5 Tips To Promoting Your Music When You’re a Nobody

Marketing Your Music

You’re talented and creative. Your music deserves to be heard by a much broader audience. But no one knows who you are ! Here are 5 tips to promoting your music when you’re a nobody.

1. Collaborations

Working in the creative realm with another artist is dope when the chemistry is right. But it can also be the bridge to forming long lasting business relationships. If longevity is important, these relationships are valuable.

And that’s only the beginning. By working with other artists, you are now introduced to their fan base. If they like what they hear, they become your fans also. Cross promotion is key to promoting your music.

But collaboration doesn’t end with the music. Collaborative marketing is also an effective cross promotion strategy. Align yourself with artists who have similar genres and are close in proximity to you. Agree to promote each other’s music.

And if you live in an area where your colleagues are haters, don’t sweat it. Support the music you like whether or not the artists support you in return. It will come back ten fold. Trust me.

2. Performances

Promoting Your Music through performances
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Promoting your music shouldn’t be confined to social media. I don’t care if you only have one song. You must perform! Your success at building a local fan base will rely heavily on your visibility.

Fans want to know that you are real. And they want to feel like they know you. Make them feel like they are part of your movement. But don’t stop there.

Make sure you have fliers or business cards to hand out at the venue. The fliers are also important promotional tools. Your fans should know how to get in contact with you. If you have a website, the information should be on the flier.

But what if no one is calling you to perform? Don’t wait on invitations. Stay up to date on events in your city. If you discover an upcoming event contact the promoter.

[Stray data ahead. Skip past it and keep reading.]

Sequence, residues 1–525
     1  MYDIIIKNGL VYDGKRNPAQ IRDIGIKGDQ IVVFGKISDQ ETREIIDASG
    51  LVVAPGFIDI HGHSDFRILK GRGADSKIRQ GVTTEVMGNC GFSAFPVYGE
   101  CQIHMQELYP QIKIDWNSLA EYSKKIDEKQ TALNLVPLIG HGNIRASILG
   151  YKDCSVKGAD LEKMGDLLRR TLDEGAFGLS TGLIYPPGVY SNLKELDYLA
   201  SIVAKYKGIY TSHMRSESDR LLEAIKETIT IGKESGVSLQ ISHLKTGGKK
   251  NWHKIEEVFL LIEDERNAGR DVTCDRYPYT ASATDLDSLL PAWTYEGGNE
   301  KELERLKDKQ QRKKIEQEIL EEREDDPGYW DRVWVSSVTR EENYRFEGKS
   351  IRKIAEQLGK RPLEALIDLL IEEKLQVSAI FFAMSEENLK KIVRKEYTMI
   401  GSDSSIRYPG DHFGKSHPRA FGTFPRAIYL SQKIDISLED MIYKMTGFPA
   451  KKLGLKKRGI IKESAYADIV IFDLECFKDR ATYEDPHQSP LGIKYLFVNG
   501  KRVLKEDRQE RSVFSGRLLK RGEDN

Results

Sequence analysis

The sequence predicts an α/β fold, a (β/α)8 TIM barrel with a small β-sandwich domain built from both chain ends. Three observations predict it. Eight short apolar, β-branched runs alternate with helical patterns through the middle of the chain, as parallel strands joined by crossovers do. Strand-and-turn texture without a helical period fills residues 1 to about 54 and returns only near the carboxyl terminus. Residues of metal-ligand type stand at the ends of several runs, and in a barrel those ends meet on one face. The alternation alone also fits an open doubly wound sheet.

Tell them you’re interested and explain to them how your music will fit in with the event they’re hosting. Send them some of your music, and follow up with them.

3. YouTube Marketing

You’re playing yourself if you’re not using YouTube. Performers and musicians cant afford to be camera shy. And YouTube has become one of the most popular platforms on social media.

What are your strengths? Share your knowledge with the world via YouTube videos. Share your music too. But if you want to build a considerable following, you have to provide something of value.

That doesn’t mean that your music is wack. But you have to make yourself stand out. There are thousands maybe even millions of people on various social media platforms trying to promote their music.

Make people like YOU, then they will listen to your music. They will like you if you provide something of value. It doesn’t really matter what it is.

That “something of value” could be a how to video or tutorial. Or it could be clips of you “behind the scenes” at a show or in the studio. People pay good money to learn how to do things. And everyone likes “behind the scenes” footage.

By providing that service on a platform like YouTube, your followers will increase exponentially. Then when you have something to sell, those followers will support you.